27 Apr In the hands of the Master Potter
Reflections from the life of the Apostle Peter
By Stephen Edison; AsiaCMS Regional Hub Manager – South Asia
We are lumps of clay in the hands of a master potter. When we submit our lives to Christ, His work of moulding and shaping us begins and continues throughout our lives
“And I tell you that you are Peter, and on this rock, I will build my church, and the gates of Hades will not overcome it” (Mt.16:18)
When Simon was given the name Peter by Jesus there was little in his nature to associate with the stability, consistency and endurance of a rock. If we were to apply the parameters for selection of leaders of the church today based on Peters ‘CV’ recorded in the Gospel of Matthew, we find the picture of a man who was a natural-born leader and an outspoken disciple of Jesus with a personality that was aggressive, enthusiastic, self-confident, strong-willed and impulsive.
He recognised Jesus as the Christ (Mt.16:16), witnessed the transfiguration of Christ (17:1-3), assured Him that he would never deny Him (26:35), and then in a moment of weakness and fear did exactly that(26:69-75). Leading up to Jesus crucifixion, two disciples stood at a fork in the road; Simon Peter had denied him, and Judas Iscariot had betrayed him. Judas betrayal was led by his greed (Jn. 12:6) and perhaps disillusionment with his hope of a Messiah in the context of Israel’s suffering and Peter’s denial was in a moment of fear and weakness.
Jesus knew and foretold their denial and betrayal (Jn 13.21-26, 13:38). The difference was that only Peter repented and was restored into relationship with God. Repentance is what Satan discourages in our lives undermining Grace and creating perceptions that build on our natural tendency of ‘earning back’ Gods love and acceptance. At the core of Christ’s sacrifice was His love for us and His yearning for the restoration of a relationship, which was lost because of our sin.
We will all sin and fall short. Sin will have consequences, but grace earned at the Cross ensures our slates will be wiped clean when we truly repent. His work will continue in and through our lives. As God moulds and shapes us, it opens us to view the world through His eyes, beyond our familiar context and comfort zones.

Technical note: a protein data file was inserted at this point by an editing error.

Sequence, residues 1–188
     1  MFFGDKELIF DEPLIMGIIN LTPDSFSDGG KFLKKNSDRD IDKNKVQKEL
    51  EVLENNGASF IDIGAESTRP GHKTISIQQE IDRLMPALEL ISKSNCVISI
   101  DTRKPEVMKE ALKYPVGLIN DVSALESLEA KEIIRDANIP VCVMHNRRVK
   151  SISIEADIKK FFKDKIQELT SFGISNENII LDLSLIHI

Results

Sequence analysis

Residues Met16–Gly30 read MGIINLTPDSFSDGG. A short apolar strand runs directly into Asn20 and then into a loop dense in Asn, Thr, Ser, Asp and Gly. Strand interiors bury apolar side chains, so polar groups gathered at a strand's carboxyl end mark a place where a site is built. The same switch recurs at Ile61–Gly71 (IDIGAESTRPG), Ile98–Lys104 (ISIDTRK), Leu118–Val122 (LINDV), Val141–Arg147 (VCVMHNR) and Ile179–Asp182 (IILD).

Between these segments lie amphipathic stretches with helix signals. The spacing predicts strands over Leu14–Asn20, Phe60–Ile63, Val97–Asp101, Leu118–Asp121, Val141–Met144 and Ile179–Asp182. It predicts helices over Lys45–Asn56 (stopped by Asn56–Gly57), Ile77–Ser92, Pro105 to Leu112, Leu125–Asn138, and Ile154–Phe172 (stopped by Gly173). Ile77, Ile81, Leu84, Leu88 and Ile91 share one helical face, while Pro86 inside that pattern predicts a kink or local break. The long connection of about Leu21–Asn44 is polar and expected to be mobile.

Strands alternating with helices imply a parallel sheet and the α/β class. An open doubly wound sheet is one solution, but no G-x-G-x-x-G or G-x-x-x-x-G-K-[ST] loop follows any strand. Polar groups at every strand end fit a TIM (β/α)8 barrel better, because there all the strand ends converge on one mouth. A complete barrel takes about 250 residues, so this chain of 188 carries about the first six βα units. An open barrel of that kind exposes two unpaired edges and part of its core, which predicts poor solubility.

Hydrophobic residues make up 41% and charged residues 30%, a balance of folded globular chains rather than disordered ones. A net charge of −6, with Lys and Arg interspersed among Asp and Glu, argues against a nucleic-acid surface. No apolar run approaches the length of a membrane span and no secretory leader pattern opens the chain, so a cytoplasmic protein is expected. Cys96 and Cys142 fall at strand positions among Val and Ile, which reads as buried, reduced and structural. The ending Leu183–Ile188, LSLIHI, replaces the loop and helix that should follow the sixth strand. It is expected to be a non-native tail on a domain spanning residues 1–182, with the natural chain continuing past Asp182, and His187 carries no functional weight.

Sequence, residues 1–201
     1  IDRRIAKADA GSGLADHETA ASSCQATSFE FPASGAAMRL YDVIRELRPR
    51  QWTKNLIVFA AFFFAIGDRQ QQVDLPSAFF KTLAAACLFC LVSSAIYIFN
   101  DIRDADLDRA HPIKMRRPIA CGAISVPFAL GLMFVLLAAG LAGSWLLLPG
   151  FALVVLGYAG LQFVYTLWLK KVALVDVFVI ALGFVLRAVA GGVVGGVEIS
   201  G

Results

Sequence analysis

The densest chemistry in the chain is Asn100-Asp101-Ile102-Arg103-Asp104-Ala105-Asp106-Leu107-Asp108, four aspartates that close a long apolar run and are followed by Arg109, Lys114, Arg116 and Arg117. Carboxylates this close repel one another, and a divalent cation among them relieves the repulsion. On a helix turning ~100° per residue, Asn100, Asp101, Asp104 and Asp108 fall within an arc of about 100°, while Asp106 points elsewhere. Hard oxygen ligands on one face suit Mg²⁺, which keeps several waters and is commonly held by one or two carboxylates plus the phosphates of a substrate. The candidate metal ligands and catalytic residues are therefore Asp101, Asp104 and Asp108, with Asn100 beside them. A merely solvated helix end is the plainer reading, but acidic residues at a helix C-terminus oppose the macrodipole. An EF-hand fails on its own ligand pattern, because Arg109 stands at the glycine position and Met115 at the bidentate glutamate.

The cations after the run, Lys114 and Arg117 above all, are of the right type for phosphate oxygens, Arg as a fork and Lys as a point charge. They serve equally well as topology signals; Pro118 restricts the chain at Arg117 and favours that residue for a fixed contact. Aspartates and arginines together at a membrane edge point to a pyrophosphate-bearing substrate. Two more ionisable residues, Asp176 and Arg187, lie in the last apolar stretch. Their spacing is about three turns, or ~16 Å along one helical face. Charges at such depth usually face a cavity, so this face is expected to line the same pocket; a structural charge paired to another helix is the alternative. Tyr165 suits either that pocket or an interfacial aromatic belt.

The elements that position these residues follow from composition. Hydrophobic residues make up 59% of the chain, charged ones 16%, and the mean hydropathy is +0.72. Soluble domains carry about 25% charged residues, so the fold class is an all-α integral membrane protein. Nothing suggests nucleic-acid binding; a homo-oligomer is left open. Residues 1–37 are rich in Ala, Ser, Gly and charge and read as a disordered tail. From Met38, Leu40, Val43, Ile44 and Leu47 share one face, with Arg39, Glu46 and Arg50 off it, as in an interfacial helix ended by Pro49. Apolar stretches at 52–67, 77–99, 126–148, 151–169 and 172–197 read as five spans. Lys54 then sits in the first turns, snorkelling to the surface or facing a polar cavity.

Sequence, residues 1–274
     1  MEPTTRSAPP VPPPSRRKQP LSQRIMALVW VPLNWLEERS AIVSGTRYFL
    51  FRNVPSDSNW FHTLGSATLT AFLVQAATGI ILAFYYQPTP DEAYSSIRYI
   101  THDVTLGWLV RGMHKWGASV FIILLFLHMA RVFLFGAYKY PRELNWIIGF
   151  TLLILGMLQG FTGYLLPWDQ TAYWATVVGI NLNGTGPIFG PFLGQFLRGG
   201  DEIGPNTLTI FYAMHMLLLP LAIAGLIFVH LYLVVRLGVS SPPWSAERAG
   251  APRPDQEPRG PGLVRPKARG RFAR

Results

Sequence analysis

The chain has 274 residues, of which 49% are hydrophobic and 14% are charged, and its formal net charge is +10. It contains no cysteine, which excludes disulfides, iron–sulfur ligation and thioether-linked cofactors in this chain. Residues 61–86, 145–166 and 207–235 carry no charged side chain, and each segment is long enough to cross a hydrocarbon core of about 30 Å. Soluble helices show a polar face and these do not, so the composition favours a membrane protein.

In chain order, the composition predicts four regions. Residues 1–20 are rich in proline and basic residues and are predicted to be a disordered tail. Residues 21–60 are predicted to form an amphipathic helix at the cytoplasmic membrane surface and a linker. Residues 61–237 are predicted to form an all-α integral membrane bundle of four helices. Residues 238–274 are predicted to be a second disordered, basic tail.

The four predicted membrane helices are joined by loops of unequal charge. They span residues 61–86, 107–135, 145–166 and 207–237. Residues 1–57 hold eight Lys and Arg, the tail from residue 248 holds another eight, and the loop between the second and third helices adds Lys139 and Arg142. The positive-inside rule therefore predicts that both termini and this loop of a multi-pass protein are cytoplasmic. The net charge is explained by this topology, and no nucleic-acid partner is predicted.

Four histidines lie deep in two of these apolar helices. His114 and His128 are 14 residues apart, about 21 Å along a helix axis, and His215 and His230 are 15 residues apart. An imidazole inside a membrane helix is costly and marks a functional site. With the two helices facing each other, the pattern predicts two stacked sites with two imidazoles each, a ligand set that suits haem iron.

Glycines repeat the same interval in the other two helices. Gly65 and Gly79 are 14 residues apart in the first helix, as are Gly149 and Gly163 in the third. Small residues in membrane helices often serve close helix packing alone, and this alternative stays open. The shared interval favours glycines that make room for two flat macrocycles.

As the Lord continued to mould and shape Peter, his perspective broadened, and he understood God’s plan of salvation included all creation and every nation. Peter was the first apostle, to overcome the barriers of his context and brought Gentiles into the Body of Christ (Acts10). He faced the circumcision party within the Jewish Christians, who insisted on Jewish traditions be requisite to be Christians (Acts 11).
It’s natural to hold on to the familiar and comfortable in our culture, denomination or traditions. We as His followers and His church need to view the world through Christ’s eyes. We may need from time to time review our contexts to reflect if we may be burdening those coming into faith with cultural baggage, in addition to the Truth, making their spiritual growth and feeling of belonging more challenging.
God has and will continue to do extraordinary things through ordinary lives, which are committed to Him.
As we read through Peter’s letter to the persecuted Christians across Asia Minor (1 Peter) we see the rock that Jesus foresaw. He shepherded the early church through some of its darkest times with faith, courage, wisdom and steadfastness not present when he first met Jesus. The years of walking with God, building on the gifts he had and leaning on God’s grace to overcome weaknesses and limitations had prepared Peter for what God had planned to accomplish in him and through him.
God can do the same in and through our lives as we walk with Him. Peter stood strong through the trials and tribulations of his time. Today across Asian countries we see common challenges. Over recent years, a growing feeling of marginalization among the majorities (ethnic and religious) and resulting majoritarian policies and political leaders catering to these feelings.
We also see rising fundamentalism, economic inequality and tensions between nations. Alongside ecological challenges, we also have an unexpected crisis like the ongoing Covid19 pandemic that is sweeping across the world. The church exists not in a vacuum but in the context of all these realities. We rest assured that through it all, God is in control. He will walk alongside us to be reflections of His light in challenging times.